Researchers and representatives of local NGOs and communities in Lithuania came together to find new ways of making research more participatory and responsible at SciShops’ first co-creation event. The event, held on 22 March 2018 in Vilnius, was designed to build bridges between different stakeholders and explore new ideas and partnerships between research and civil society.
Participants could also learn from some of the key thinkers and practitioners in the area of community based research and science shops. The co-creation event on ‘Science for the Community and with the Community’ was held as part of the new EU project SciShops aimed at promoting the growth of community-based participatory research and science shops across Europe.
Professor Arūnas Poviliūnas, who is among the few in Lithuania who has been working to embed participatory research in his practice for many years, presented his experience working in various projects.
He invited the audience to discuss the current societal context in which science is increasingly contested and talked about the social and policy contexts necessary to promote community based research activities.
Guest speaker Norbert Steinhaus, who is the board member of Wissenschaftsladen Bonn (Bonn Science Shop) and coordinator of the Living Knowledge network, presented the concept of science shops and experiences of science shops around Europe.
During his presentation a number of key questions were addressed. Norbert Steinhaus explained how community based participatory research works, what kinds of knowledge it produces, what new options it opens to scientists and to society members.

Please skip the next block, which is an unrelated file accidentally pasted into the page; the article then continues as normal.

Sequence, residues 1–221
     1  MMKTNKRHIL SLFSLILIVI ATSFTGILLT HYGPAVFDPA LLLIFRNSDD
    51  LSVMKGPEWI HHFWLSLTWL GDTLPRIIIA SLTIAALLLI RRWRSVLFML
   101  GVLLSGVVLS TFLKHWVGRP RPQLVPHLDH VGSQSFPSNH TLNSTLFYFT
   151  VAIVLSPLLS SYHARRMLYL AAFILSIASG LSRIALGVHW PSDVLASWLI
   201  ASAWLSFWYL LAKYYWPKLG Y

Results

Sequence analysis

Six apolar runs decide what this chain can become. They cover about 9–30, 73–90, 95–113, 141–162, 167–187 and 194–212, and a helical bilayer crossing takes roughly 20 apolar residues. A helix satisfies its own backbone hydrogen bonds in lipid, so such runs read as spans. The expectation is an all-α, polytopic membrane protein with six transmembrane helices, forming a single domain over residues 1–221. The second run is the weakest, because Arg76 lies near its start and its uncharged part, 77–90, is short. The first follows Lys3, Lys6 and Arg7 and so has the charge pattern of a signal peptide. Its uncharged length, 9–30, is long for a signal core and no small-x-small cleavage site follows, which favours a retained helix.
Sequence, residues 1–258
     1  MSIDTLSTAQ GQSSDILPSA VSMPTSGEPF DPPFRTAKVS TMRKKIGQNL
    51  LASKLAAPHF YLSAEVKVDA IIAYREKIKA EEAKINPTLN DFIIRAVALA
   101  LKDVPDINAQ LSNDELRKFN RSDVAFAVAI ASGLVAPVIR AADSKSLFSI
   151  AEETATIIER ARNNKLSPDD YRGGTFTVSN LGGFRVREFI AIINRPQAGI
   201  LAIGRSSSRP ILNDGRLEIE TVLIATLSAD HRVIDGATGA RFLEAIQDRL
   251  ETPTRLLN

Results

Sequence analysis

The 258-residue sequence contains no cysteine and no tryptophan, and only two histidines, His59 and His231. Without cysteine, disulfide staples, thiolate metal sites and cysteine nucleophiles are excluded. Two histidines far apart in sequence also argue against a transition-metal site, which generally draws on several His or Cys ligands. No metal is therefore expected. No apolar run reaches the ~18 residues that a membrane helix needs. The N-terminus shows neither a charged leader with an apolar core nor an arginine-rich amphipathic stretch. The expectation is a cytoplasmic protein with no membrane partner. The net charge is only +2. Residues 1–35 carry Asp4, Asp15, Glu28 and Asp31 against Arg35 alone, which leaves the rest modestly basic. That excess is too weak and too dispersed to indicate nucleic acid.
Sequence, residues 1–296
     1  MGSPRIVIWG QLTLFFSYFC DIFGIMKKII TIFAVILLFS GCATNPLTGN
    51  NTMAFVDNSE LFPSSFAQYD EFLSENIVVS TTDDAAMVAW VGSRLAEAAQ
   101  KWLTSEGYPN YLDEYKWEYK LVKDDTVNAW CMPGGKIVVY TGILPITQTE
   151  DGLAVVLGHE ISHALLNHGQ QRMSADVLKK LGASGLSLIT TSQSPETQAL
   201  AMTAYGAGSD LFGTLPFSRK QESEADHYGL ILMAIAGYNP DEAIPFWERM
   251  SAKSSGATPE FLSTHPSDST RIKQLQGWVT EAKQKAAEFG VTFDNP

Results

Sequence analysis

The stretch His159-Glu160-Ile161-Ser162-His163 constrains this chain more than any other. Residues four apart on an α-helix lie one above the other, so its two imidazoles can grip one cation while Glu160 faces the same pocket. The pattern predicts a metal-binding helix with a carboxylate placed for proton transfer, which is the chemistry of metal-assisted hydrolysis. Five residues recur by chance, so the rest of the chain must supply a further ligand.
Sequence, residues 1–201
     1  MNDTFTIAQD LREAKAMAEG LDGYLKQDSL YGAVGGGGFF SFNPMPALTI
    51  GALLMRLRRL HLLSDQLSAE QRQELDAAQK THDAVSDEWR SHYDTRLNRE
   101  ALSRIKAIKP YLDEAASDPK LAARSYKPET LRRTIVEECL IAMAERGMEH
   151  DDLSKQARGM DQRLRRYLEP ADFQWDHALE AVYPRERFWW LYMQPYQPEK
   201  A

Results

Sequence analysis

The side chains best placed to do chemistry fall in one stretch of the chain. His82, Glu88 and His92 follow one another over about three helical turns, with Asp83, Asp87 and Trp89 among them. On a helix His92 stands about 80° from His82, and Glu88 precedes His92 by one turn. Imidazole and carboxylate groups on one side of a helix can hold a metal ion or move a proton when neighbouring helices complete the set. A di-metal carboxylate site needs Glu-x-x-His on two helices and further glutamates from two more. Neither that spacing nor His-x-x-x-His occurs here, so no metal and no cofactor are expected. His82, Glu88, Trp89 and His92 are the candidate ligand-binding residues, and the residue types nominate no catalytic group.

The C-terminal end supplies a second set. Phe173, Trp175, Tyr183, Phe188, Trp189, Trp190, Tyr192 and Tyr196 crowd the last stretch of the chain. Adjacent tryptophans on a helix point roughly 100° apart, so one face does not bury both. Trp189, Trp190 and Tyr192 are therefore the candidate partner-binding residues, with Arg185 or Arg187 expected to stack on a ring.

Ingrida Gečienė and Ana Aleknavičienė, the founders of the only two science shops in Lithuania, invited the audience to think about the social and policy contexts necessary to promote community based research activities. Their presentations showed where Lithuania stands in this development and helped researchers from other institutions to understand the possible models of science shops in the Lithuanian context.
The event also worked as a matchmaking event. It included group discussions among non-governmental organizations with researchers about potential common research projects. The event was aimed at people active in or interested in community based participatory research, primarily researchers and administrative officers of high schools, civil society organisations, and policy makers. Organised by the Social Innovation Institute, a partner in the EU-funded SciShops project, it is the first step towards promoting the concept of science shops more widely in Lithuania.